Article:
As we informed you yesterday, we have already received the first results from the FDA which came out negative from a load in California. In addition, today we received 3 analyses with negative results from our main importer in the UK (Mack Multiples), which adds to the 149 negative analyses we had in our records.
In addition, we would like to inform you that the questioned cantaloupe melons were packed in January in Santa Rosa Farm, and currently the majority of the fruit which you and your clients have in your coolers was packed in Montelibano Farm. Rest assured, both farms do not have and have never had a bacteria infection, since as you know clients such as Chiquita and Dole make microbiological analysis at our farms. In addition, your company also performs microbiological analysis on the fruit upon arrival.
Presently we are still packing cantaloupes, honeydews and galia for Holland, Germany and the United Kingdom since all our clients are and will continue to accept and support us since they know Mike’s Melon is not infected.
For the United States, we are not packing cantaloupes but are packing honeydews, since as you know all honeydews are sowed, cultivated, handled, and packed in separate independent farms, such as Palenque farm and Embarcadero farm.
Considering these last points mentioned, we would also like to ask for your same support. Please wait with us for the next 4 days until we receive the remaining microbiological analysis results from the FDA. The process with the FDA might take this whole week, and every day that passes by we are losing a great amount of money.
Our exports to the USA represent 70% of our total sales, so our company is suffering tremendous losses. Therefore, we need the full support from all of you because without it our company would run out of business and more than 5,000 families will be directly affected. This is a hard statement considering that Agrolibano’s team has been dedicated to fulfilling all our customers’ needs since its foundation in 1979.
For this reason, we urgently request that you convince your clients that our melons are not the source of contamination. They should not be stopping the purchase of our white honeydews and galias because these two types of melons are sowed, harvested and packed in different farms. The cantaloupe is being questioned by FDA, but we are completely sure that the image of cantaloupe from our company will be completely cleaned once FDA releases the rest of the results.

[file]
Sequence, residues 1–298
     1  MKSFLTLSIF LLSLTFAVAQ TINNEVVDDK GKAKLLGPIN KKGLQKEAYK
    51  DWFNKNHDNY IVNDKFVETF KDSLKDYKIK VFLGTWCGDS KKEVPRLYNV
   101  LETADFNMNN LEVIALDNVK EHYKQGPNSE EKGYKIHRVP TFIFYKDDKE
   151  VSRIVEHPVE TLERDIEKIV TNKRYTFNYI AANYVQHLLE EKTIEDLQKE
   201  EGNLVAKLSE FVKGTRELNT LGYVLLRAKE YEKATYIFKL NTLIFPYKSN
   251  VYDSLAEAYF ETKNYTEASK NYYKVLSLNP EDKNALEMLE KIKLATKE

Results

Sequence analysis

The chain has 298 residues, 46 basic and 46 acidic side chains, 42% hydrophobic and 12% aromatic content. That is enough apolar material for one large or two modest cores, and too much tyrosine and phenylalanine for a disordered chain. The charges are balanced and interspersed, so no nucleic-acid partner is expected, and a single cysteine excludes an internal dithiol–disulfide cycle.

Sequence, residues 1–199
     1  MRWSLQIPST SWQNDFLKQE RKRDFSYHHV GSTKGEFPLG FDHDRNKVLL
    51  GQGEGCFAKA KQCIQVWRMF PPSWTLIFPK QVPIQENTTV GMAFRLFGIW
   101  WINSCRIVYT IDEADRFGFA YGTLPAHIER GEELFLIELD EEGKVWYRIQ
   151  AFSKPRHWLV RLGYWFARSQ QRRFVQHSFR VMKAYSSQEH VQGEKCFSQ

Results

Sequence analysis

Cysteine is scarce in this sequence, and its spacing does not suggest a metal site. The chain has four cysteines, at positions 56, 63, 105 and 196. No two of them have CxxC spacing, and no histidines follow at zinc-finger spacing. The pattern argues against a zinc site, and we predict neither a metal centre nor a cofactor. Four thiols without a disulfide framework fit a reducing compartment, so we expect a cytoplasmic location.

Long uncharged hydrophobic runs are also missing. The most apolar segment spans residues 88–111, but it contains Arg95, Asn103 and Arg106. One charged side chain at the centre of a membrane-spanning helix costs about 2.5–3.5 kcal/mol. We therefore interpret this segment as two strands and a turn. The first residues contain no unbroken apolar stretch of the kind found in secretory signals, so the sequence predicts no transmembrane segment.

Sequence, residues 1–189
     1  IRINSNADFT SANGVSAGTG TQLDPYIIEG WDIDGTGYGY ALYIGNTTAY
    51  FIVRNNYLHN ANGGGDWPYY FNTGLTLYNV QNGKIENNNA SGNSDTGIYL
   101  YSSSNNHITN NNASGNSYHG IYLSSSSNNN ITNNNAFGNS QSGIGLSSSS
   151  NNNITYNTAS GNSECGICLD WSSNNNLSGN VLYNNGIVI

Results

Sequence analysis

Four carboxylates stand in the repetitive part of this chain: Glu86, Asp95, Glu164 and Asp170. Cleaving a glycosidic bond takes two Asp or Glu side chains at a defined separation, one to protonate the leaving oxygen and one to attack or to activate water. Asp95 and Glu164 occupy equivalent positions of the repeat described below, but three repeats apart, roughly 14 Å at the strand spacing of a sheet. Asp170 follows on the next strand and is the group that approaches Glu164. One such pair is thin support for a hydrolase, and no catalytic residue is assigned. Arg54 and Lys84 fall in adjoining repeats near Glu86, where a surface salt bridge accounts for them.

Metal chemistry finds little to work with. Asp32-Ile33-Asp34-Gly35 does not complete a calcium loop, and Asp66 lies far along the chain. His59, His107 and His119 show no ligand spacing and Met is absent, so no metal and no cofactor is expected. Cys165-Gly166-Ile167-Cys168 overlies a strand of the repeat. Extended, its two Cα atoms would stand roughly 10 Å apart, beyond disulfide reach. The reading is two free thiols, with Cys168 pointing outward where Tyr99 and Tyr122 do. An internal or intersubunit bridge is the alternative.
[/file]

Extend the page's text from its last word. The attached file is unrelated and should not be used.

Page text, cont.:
We are aware that during the past some of your providers, which are very professional companies, have had incidents of positive salmonella and have received the full support from you. Our situation is less serious since we have not had positive salmonella. However, an intensive media communication on the alert from the FDA, who issued the alert with no proofs, is killing us!
We know for a fact that FDA is putting tremendous pressure over you and your clients (supermarkets, wholesalers, processors, food service customers, etc.) through phone calls and personal visit , but not in written form because yesterday, during the meeting, they clearly said that the recall was voluntary.
The FDA’s staff is being very aggressive on this matter, even making personal visits to our clients’ warehouses in order to make sure that the recall is done and that your company makes a public announcement. We believe the FDA is using this method just to relieve itself from responsibility and pass it on to you, your customers, or third parties because it does not have evidence that our melons are contaminated. Therefore, we urgently request your support us by:
- Not making a public announcement
- Stop the recall until we have a final confirmation this week
We hope that the FDA will change their first statement and consequently release all fruit and containers that are on hold.
We look forward to your prompt confirmation. From our side, we will keep you updated.
Tuesday, March 25, 2008
Dear and Loyal Costumers:
In the name of my family and all Agrolibano employees, we want to thank you for your support. There has been a lot going on, and we are doing our best to clean our reputation and convince the FDA to retract, but this is not an easy task. We are working with great lawyers and have full support from our government.
Today our president gave an interview on CNN and he ate one of our melons on it. As you can see our side of the story is slowly taking the media attention. CNN was also in our farm today.
We are completely sure that we did not create this problem. So far, we have 145 clean results of cantaloupes packed from December 22, 2007, thru March 25, 2008, two of these results are from shipments that FDA tested. As we mentioned on our previous update, the FDA did not have any positive results from our melons. All their argument is based only on the two trace backs that we mention in our public statement.